Walking down Washington Avenue in Brooklyn’s Crown Heights, I frequently pass a handsome brick building with the telltale green lanterns of a former police precinct headquarters. Regal, imposing, and even a little bit spooky, the 80th Precinct Building is one of the prominent landmarks of my pedestrian and neighborhood life. While I regularly pass the “police castle” (as it is commonly known among my neighbors) while running errands or visiting my local pub, I was surprised to encounter it, in photographic form, while processing the contents of the MoMA PS1 archives. As it turns out, from 1972 to 1973 the top two floors of the 80th Precinct Building were used as artists’ studios, exhibition space, and a community arts center, while the bottom half of the building continued to be used by the police department. This unexpected symbiosis was born out of the lobbying of the Institute of Art and Urban Resources (IAUR), an organization that sought to reappropriate vacant or under-used properties as temporary studio or exhibition space.
IAUR recognized that many younger or less established artists were being priced out of Manhattan studios, and that property owners (especially the City of New York) had an excess of abandoned buildings that were expensive to maintain and magnets for vandalism and urban blight. Placing artists in these neglected buildings created a win-win situation for both parties: artists were provided with affordable space to create and exhibit their works, and the landlords were relieved of the burden of building upkeep and security by IAUR, which acted as a middleman in these arrangements. In the case of the 80th Precinct Building, in 1972 the 80th and 77th precincts were consolidated into a new headquarters on Utica Avenue, leaving the precinct building on Grand Avenue operating at less than half capacity. By renting out the remainder of the station house to local artists in exchange for art instruction for neighborhood children, IAUR and the police department hoped to foster a creative spirit within the community and improve relations between local youth and the police force.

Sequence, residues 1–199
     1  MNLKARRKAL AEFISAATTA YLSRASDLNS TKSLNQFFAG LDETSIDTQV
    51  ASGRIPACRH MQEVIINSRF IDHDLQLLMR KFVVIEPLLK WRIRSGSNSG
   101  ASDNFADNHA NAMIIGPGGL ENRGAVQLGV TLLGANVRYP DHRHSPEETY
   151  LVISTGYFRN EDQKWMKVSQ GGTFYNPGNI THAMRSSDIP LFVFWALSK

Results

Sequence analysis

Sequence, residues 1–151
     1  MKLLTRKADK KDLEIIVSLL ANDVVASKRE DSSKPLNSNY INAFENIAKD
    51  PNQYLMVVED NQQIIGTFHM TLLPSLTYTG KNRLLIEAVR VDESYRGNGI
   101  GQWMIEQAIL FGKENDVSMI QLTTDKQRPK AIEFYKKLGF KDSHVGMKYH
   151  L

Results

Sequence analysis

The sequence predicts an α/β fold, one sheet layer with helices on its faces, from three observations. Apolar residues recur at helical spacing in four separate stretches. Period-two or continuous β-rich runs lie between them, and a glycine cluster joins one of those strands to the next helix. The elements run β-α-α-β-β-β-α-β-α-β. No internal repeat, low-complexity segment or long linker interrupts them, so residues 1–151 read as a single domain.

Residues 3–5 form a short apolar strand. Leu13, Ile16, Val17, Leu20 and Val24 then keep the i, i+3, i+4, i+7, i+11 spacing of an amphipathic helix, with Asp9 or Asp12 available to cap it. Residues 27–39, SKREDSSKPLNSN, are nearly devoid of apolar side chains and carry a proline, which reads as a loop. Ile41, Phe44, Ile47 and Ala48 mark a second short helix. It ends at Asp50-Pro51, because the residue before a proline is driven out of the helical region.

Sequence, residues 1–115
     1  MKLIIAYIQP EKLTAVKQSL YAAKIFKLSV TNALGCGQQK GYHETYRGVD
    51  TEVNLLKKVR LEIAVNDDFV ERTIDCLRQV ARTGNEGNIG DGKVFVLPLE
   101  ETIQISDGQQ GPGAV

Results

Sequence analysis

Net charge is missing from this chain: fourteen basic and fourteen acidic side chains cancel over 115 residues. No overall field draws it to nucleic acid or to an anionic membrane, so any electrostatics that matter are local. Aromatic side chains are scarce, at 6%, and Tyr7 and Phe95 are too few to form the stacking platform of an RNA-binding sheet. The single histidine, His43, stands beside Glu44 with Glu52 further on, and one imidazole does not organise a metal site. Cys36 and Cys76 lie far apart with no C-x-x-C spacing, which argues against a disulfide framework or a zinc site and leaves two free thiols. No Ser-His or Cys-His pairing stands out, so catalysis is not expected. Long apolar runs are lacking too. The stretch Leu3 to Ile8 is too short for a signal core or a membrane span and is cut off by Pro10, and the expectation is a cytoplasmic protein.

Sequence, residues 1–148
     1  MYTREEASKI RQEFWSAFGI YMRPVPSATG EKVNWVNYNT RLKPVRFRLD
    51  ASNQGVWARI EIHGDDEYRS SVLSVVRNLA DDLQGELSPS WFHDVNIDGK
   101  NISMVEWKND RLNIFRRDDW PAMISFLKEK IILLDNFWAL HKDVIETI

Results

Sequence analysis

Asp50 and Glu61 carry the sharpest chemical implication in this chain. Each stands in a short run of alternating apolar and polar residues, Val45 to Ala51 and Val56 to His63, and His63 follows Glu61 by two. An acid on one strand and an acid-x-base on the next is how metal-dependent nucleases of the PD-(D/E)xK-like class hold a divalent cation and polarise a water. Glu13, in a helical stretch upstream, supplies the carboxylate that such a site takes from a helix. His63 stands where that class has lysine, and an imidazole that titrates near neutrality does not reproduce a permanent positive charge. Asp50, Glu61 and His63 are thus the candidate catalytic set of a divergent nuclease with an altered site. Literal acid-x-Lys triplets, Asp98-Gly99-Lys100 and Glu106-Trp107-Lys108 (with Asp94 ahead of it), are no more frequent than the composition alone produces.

For the most part, a building would be occupied by IAUR on a temporary basis until the landlord could find a more conventional tenant. This stopgap model afforded IAUR an autonomy and flexibility that kept it somewhat unpredictable, but always interesting, a trait that appealed to artists and art audiences alike. Nearly a dozen such projects have been identified using the documentation within the MoMA PS1 archives, one of the most well known spaces being MoMA PS1 (formerly P.S.1 or Project Studios One) itself, which operated an extensive studio space program up until 2004 in addition to holding exhibitions. To learn more about the places that IAUR repurposed as studio and exhibition space, explore the map below.
View IAUR Spaces in a larger map
In addition to championing artistic endeavors, programs like those of the Institute of Art and Urban Resources were—and remain–essential, in that they bring the arts into communities far off the beaten path of Museum Mile and reinvigorate areas that would otherwise be blighted by the presence of derelict properties. While MoMA PS1 and the Clocktower are the only vestiges of IAUR still in operation, echoes of these early experiments in property reclamation can be found in kindred spaces throughout the city—and even in our own backyards.
The Records of MoMA PS1 are currently being processed by the Museum Archives thanks to a generous grant from the Leon Levy Foundation. The Records are currently closed to the public, but documents concerning the activities of the Institute for Art and Urban Resources, as well as documents about the rest of MoMA PS1’s 40-year history, will be available to researchers at the end of 2012.